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“Man Going Cold”


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Witte, Francine E. (American playwright, poet, teacher, 1952-____), “Man Going Cold,”

a 17-minute comedy in English, set in a New York City apartment, on a hot August afternoon, 1999,

1m1f (+m extra);

  •  © 1999 by Francine E. Witte;  •  script/rights available from Francine Witte, P. O. Box 101, Planetarium Station, New York City, New York  10024,  U.S.A., e-mail Franigirl@aol.com, telephone (home)  212-595-8202.  •  Cited by Francine Witte, via ftp August 1, 1999; Witte says,

  § Dramatis Personae Benita Carbona (f), 35, pretty; Franco Marchesst (m), 39, swarthy, check hair, neck
chains, dressed in a gray moving man outfit; Doug (m, optional), 35, immobile.

  § Synopsis “On a blistering hot New York City afternoon, in Benita Carbona’s un-air-conditioned apartment, Benita has turned her boyfriend, Doug, into a block of ice by—what else?—mentioning marriage. When the play
opens, she is frantic.  She, by herself, is trying to defrost Doug to no avail. She is expecting the super, who will
thaw the poor frozen Doug with a blowtouch. Finally, there is a knock at the door, but instead of the super, in walks a moving man with a hand truck, Franco Marchetti. He works for Fast Freddy DiAntonio, the mob guy who’s been visitin’ with Benita’s downstairs neighbor; Doug has been dripping though the floor. Franco is there to move Doug out. Franco does not want to miss the opportunity for a cool moment on this hot summer day, so he leans against Doug. Benita tells Franco to leave. Franco sizes up the situation immediately and asks Benita why a beautiful woman like her would ask a guy to marry her in the first place. Benita, though charmed at being called beautiful, wants Franco to leave because she wants to melt Doug herself. Franco offers to move Doug to the sidewalk in order to melt him. When Benita continues to resist, Franco is puzzled. She insists that the melting process must occur in her apartment. She is afraid that if Doug melts on the street before she has had a chance to talk to him, he will run away. Franco agrees to leave, still unsure why Benita would want someone who would run. Benita says simply, ‘I love him.’ Franco agrees to leave, but before he does, he gives Benita a card with his phone number. A connection now exists between them; and his compliments, of course, have warmed her. He says that if she ever changes her mind about Doug, she should give him a call.  'Maybe,’ he says. ‘I’ll take you out for a Coca-Cola.’ As he leaves, he adds, ‘But no ice, ah?’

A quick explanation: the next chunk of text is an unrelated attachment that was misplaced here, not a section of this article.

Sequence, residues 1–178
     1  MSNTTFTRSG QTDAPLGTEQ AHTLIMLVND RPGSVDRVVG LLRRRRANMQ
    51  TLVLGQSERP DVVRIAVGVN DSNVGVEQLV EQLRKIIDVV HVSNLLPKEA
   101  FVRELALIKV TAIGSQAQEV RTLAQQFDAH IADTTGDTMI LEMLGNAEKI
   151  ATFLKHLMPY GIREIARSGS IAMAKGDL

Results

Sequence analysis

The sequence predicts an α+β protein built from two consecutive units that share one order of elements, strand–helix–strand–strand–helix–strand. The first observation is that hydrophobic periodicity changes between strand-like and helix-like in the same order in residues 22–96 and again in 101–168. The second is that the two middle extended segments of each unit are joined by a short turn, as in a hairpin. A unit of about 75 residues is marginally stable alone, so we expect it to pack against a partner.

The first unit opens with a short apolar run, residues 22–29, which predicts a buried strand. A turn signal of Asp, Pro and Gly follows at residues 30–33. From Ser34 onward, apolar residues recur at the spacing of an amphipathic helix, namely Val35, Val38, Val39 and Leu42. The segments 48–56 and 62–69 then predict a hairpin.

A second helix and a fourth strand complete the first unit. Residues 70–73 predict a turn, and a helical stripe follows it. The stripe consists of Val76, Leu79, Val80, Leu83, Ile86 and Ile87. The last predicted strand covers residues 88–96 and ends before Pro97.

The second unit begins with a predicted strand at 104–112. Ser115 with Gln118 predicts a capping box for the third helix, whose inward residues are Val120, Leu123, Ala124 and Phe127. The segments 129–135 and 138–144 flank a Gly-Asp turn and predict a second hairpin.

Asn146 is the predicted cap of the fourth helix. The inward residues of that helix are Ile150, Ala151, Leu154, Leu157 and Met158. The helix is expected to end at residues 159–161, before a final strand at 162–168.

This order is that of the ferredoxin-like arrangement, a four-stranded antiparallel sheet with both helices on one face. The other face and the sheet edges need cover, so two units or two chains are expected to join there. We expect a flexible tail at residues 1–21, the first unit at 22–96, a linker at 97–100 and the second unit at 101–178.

§ Comment “There are no scene changes or special lighting requirements. The play has one scene, a very sparsely-furnished apartment. Benita should dress as if the temperature is very hot and there is no air conditioning. Franco must wear a moving man’s outfit and have a hand truck. The only technical requirement involves Doug, the optional frozen man, who may be portrayed any number of ways—such as having the actor stand still, or using a life-size cardboard cutout. This detail is up to the director. The man must be onstage. If the man is not present, the audience may be lost as to what is going on for half of this very short play.  •  Produced by Love Creek Productions in New York City, 1999, and by The Strawberry One-Act Festival (semi-finalist), at The Riant Theatre, in New York City, July, 1999.”

  § Themes gender struggles, relationships, women's problems.
 
 

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Page mounted August 27, 1999, and updated August 31, 1999, by the site Webmaster.
 
 

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